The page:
Saturday, October 27, 2007

Obama for the lose

People generally like the fellow, but he's never really had a chance:

Barack Obama, struggling to gain ground on rival Hillary Clinton in the 2008 White House race, faces a delicate dilemma in trying to bring down the Democratic front-runner without spoiling his upbeat image.

After launching his campaign with a burst of excitement, the first-term Illinois senator is mired more than 20 points behind Clinton in national polls and trails by smaller margins in the early voting states of Iowa and New Hampshire barely two months before the first contests.

And again:

Memo to the Democratic presidential candidates: You can still beat Hillary Rodham Clinton, but you better act fast...

She's so strong, in fact, that the race has become about her. And Democratic operatives from presidential campaigns past and present say the only way for any other candidate to win the nomination is to make an even stronger case against her.

"If this were a wedding, we'd be at the 'speak now or forever hold your peace' part," said Steve McMahon, who advised Howard Dean in "If you're a candidate hoping to get past her, the time for nuance and veiled references has passed."

Obama is a young guy, so he should be able to emerge from the rubble none the worse for wear, and if he bides his time, he'll be able to run in 2016, assuming the republic is still around then. (Look, the Mayan calendar ends in 2012. I'm not going to prophesy beyond that date.)

The question is whether or not Obama will play along nicely enough to get the nod to be the vice-president--assuming he wants the position. It might be best for him to fade back into the senate. I'm not so afraid of Hillary that I'll sign up for Rudy like many conservatives are suggesting that we do, and as more will assuredly do as the campaign gets closer and closer to its inevitable end, but I'm also not optimistic about her reign as queen. The Clintons attract scandals like I attract women--actually, they probably attract them oftener. Getting wrapped up in Hillary's administration could see Obama's reputation tarnished.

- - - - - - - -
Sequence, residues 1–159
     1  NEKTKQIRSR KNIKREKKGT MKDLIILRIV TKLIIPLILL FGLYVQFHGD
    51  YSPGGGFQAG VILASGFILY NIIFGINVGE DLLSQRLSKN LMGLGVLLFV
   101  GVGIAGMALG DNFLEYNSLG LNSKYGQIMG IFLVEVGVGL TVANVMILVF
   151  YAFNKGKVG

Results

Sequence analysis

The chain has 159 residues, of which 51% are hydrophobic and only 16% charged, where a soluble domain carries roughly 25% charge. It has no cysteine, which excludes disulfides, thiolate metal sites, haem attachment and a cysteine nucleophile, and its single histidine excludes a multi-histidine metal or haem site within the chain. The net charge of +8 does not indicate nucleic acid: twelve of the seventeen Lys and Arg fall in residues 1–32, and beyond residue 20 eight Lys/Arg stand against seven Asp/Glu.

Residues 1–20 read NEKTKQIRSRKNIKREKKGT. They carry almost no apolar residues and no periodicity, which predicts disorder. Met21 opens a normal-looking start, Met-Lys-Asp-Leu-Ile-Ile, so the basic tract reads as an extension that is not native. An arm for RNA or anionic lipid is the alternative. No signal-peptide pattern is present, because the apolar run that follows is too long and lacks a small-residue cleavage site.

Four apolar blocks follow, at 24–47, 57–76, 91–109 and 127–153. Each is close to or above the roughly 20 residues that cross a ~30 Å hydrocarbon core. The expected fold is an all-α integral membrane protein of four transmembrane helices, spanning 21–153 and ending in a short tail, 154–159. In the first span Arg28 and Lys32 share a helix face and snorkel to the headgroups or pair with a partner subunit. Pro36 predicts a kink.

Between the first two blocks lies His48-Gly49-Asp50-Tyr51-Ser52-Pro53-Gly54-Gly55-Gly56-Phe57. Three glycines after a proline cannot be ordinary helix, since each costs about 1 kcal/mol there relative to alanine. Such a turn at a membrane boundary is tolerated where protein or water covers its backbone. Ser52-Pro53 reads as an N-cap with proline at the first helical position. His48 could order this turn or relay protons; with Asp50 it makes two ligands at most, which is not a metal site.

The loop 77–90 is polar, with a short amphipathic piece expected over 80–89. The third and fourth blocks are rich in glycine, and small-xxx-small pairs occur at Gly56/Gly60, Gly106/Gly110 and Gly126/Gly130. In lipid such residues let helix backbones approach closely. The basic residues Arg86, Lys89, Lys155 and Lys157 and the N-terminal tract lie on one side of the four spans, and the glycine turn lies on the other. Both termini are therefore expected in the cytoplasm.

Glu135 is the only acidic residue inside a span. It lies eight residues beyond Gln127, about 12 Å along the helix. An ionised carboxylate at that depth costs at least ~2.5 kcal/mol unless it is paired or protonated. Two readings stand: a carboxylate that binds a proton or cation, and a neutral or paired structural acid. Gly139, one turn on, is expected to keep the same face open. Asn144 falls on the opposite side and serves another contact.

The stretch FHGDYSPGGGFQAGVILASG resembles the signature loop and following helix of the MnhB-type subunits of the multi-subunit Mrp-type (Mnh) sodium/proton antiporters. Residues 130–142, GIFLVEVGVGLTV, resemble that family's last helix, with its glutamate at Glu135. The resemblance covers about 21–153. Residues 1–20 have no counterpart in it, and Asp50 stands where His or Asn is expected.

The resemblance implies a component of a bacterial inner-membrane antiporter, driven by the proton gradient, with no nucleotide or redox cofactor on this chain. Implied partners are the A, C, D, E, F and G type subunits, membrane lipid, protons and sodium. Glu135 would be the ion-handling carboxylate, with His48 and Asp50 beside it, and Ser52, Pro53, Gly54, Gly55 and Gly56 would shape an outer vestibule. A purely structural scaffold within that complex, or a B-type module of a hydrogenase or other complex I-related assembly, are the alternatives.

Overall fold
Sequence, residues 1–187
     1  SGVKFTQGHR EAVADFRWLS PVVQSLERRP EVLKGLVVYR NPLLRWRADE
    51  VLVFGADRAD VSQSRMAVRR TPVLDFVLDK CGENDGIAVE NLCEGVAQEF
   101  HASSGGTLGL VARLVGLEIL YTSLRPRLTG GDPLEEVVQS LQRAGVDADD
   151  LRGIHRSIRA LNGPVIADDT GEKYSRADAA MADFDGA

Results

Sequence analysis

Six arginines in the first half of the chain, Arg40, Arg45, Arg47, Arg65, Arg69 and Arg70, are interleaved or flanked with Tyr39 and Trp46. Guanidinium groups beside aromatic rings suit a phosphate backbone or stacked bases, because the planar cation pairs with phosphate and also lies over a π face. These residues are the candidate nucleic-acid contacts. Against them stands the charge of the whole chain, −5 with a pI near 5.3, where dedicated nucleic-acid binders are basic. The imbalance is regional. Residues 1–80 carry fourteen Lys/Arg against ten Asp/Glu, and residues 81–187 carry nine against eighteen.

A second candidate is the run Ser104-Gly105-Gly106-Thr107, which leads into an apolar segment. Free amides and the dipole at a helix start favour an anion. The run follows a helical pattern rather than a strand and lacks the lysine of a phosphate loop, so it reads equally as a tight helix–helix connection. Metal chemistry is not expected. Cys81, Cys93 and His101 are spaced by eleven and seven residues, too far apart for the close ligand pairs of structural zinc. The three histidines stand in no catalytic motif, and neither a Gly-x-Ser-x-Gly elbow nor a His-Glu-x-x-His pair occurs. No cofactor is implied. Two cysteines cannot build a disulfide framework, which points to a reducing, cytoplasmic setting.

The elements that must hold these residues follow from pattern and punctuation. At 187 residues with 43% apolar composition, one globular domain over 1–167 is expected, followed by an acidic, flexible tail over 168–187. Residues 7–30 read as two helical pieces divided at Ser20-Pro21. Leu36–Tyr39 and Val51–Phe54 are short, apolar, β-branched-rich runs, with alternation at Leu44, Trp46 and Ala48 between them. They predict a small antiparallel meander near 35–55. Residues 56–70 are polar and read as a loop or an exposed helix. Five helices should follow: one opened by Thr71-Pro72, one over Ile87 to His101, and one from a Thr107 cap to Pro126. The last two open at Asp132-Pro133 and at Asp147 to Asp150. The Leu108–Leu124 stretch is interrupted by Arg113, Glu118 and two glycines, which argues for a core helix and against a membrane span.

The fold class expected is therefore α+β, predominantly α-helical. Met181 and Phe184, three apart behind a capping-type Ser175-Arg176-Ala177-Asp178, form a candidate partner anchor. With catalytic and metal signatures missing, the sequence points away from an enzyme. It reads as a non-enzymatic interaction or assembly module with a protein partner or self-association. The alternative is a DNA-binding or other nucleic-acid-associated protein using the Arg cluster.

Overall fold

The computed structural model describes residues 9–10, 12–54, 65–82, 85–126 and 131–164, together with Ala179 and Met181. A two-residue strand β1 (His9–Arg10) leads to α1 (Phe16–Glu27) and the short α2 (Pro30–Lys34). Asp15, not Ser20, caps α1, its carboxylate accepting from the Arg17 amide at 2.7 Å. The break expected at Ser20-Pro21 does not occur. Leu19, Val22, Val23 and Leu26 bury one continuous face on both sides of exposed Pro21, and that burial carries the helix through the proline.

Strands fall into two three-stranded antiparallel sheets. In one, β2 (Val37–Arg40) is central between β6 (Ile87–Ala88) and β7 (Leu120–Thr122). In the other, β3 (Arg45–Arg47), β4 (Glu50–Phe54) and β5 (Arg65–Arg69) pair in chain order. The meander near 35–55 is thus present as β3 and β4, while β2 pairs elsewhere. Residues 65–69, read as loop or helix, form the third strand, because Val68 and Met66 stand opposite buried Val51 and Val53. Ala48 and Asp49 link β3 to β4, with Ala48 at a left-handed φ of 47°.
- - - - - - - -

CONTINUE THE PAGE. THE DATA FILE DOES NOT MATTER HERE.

troutsky said...

Obama had his chances to distinguish himself, to take less advice from handlers and pollsters, but chose to play it safe.If anything does happen to Hillary he could mop up any of the Republican candidates with one hand tied behind his back.Which is why Buchanan is having trouble picking.

James said...

From Obama's book we learn that he spent many years socializing with the very bottom of the intellectual barrel, that is to say urban church going welfare blacks.

I'm not sure how much a person can learn from chimp-level, ebonics speaking, welfare blacks who have no hope, no money, and no potential.

Gee maybe he can lead us all to the promised land.

A Wiser Man Than I said...

Obama had his chances to distinguish himself, to take less advice from handlers and pollsters, but chose to play it safe.

I think that's partially correct, but it's also true that aside from his vote against the Iraq war, he and Hillary are very similar candidates.

I am a bit surprised that he hasn't played up his anti-war stance. It seems that while supporting the war is seen as foolish, candidates are hesitant to take such a stance.

I think Buchanan's "trouble" is just prudence in disguise. We still have a long way to go, and unlike me, people are actually paying attention to whomever he endorses.